I explained in private to MM why I ended up being chrismated at the Melkite parish as well. TBH, this priest seems to have it out against my reception into the faith from the beginning. Pushed the goal posts (so to speak) further and further back. Despite my catechist telling him I knew the faith, he'd repeatedly ask the catechist and remind the catechist to teach me. Even though I had told him my desire to convert, it wasn't until several months later that he finally decided I could convert (unless I'm mistaken, I honestly believed that was God's decision). Even after I got him the paperwork for my baptism and he had gotten the letter from the bishop eager to receive me, he never scheduled a chrismation. (Again, this in spite of the catechist testifying to my readiness.) Three weeks ago, I had asked him about chrismation again and he once again asked the catechist if he was teaching me the faith. The man was clearly acting more as a magician pulling out rabbit after rabbit out of his hat looking for a way to block my conversion. Hence, why I finally decided to go to the Melkite parish which I had been going to for vespers and holy day obligations (except Nativity, Holy Thursday, and Great Friday when I went to the Ukrainian parish).

Again, the issue is not that my Melkite pastor is forbidding me from continuing to go to the Ukrainian parish, especially if I feel more comfortable there (<30 people compared to >200 people), the issue is that the Ukrainian priest is not letting me participate in divine liturgy as a Catholic visitor until he "questions" me further. I asked him if the Melkites are not in communion with the Ukrainian Catholics. He told me that being "faithful" to the Ukrainian Catholics is not the same as being "faithful" to the Melkite Catholics. If the question is one strictly of receiving the sacraments, I am wondering why he would forbid me from receiving communion at his parish, especially if I am Catholic.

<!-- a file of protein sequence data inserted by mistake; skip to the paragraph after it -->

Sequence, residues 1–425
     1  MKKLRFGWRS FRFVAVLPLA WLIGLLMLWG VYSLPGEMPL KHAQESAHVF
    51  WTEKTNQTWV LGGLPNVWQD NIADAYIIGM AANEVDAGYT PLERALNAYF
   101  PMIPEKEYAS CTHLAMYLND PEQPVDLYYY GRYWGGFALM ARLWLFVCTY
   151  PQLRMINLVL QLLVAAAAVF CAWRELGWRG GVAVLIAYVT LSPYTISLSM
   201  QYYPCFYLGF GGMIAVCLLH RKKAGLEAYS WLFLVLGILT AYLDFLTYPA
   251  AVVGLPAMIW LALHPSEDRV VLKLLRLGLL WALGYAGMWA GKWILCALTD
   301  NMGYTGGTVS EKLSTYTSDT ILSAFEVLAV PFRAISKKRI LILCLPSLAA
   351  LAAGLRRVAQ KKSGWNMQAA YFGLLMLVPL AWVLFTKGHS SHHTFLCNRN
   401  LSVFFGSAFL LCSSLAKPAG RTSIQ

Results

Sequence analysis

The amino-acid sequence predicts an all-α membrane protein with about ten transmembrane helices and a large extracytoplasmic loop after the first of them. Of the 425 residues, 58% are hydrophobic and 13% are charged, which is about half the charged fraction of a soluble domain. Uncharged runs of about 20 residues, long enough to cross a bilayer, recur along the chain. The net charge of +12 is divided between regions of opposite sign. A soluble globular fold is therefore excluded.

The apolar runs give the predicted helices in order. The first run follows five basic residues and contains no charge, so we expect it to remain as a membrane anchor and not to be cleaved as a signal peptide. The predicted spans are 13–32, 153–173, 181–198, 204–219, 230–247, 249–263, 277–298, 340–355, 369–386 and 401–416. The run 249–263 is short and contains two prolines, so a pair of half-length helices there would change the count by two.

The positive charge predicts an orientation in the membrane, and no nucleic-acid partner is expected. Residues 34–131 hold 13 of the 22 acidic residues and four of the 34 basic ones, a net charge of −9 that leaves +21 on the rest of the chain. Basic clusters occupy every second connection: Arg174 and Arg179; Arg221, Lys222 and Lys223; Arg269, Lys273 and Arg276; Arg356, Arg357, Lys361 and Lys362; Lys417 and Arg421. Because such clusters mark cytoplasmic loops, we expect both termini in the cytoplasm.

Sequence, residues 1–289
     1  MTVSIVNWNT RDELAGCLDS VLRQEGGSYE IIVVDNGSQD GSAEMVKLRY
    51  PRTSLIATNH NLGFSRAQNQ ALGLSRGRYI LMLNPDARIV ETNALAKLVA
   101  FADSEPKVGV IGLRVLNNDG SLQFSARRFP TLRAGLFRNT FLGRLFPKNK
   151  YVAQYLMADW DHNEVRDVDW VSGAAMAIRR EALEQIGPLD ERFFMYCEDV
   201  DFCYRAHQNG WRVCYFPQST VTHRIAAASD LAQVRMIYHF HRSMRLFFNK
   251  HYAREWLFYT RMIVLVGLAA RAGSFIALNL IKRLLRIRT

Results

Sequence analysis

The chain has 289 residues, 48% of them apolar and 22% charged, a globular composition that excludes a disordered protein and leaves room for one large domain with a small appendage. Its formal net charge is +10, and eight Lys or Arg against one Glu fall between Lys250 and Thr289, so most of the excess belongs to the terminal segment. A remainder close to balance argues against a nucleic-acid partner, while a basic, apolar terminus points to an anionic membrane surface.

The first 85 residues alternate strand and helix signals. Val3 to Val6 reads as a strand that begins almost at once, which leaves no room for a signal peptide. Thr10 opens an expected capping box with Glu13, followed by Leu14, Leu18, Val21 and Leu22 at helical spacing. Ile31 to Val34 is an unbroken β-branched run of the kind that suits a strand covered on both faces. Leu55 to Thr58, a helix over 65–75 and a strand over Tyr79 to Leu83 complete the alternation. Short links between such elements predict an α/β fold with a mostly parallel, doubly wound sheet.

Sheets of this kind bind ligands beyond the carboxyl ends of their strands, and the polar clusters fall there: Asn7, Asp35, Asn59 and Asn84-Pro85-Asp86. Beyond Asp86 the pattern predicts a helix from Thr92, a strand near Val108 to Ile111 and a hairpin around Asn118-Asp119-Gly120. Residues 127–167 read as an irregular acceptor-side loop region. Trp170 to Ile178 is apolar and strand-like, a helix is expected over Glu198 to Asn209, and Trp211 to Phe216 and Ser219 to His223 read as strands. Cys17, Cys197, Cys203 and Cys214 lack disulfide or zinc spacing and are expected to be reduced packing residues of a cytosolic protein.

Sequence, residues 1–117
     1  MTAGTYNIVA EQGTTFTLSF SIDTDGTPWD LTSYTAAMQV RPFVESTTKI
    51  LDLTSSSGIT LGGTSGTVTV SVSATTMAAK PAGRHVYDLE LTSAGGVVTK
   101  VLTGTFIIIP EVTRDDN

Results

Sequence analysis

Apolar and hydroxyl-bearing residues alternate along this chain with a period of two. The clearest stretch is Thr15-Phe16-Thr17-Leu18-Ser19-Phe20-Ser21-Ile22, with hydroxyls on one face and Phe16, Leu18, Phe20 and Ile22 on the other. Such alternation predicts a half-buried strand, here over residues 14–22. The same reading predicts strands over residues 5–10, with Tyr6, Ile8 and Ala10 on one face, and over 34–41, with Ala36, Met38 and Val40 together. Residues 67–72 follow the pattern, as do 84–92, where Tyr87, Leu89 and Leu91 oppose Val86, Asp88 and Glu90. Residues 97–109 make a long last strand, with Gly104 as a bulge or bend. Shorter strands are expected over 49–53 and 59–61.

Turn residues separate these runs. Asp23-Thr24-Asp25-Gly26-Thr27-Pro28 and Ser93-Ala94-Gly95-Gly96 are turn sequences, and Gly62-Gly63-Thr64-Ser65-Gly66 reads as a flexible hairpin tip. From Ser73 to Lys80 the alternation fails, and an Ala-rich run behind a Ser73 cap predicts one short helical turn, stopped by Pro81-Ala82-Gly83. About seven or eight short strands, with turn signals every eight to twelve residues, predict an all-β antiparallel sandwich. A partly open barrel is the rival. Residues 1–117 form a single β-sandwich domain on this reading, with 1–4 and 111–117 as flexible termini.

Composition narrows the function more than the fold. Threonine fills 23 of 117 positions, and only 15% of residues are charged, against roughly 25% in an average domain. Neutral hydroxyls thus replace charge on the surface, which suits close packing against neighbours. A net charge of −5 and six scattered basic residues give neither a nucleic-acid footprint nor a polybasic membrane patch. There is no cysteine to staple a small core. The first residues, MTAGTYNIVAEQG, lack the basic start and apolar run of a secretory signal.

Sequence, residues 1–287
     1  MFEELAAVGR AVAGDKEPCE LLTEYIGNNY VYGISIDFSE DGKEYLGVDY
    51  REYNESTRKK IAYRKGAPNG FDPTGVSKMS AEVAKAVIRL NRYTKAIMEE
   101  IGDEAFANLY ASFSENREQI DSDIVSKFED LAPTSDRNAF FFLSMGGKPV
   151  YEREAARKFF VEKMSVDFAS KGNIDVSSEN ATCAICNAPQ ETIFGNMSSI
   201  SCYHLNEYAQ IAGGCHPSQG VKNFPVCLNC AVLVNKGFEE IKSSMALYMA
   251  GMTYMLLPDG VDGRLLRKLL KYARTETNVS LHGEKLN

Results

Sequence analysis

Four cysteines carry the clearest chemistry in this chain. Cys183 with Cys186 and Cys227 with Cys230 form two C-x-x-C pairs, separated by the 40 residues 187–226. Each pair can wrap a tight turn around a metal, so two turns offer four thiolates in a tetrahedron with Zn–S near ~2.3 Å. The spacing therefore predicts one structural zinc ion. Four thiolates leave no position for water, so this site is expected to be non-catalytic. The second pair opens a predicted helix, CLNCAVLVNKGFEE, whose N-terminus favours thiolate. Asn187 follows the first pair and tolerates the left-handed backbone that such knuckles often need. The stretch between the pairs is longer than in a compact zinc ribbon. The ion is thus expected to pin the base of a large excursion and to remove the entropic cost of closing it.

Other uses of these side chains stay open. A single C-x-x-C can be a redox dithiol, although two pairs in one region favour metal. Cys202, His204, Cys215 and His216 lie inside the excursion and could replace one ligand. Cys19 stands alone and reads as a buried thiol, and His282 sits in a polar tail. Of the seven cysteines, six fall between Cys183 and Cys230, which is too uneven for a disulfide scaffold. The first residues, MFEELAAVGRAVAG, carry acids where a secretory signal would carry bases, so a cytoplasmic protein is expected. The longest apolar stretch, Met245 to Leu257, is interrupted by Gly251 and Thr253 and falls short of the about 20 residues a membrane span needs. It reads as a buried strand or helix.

This priest sounds like he's trying to build more of a Ukrainian social club than a parish. From what I've heard, that's unfortunately a problem in some Ukrainian parishes.

I'm sorry you are dealing with anxiety in large groups. I can understand that a little bit, large crowds make me anxious too (although, from what you have said, I don't think I experience it nearly to the same extent as you do). I don't know if it is something clinically possible, but if it is, I hope you are able to get to a point where the anxiety is at a tolerable level for you and that you decide to stay at Holy Transfiguration. Since you've already been attending Holy T for over a year, I'm sure you're aware of how special and unique a parish it is. EC parishes that have a fully Eastern spiritual and liturgical life are few and far between. I obviously can't say for you if that is a benefit that outweighs the experience you have because of the HFASD, but if it's something you're able to manage without putting your health at risk, I think there is a lot of spiritual benefit to be had here that is hard to find outside of Eastern Orthodoxy.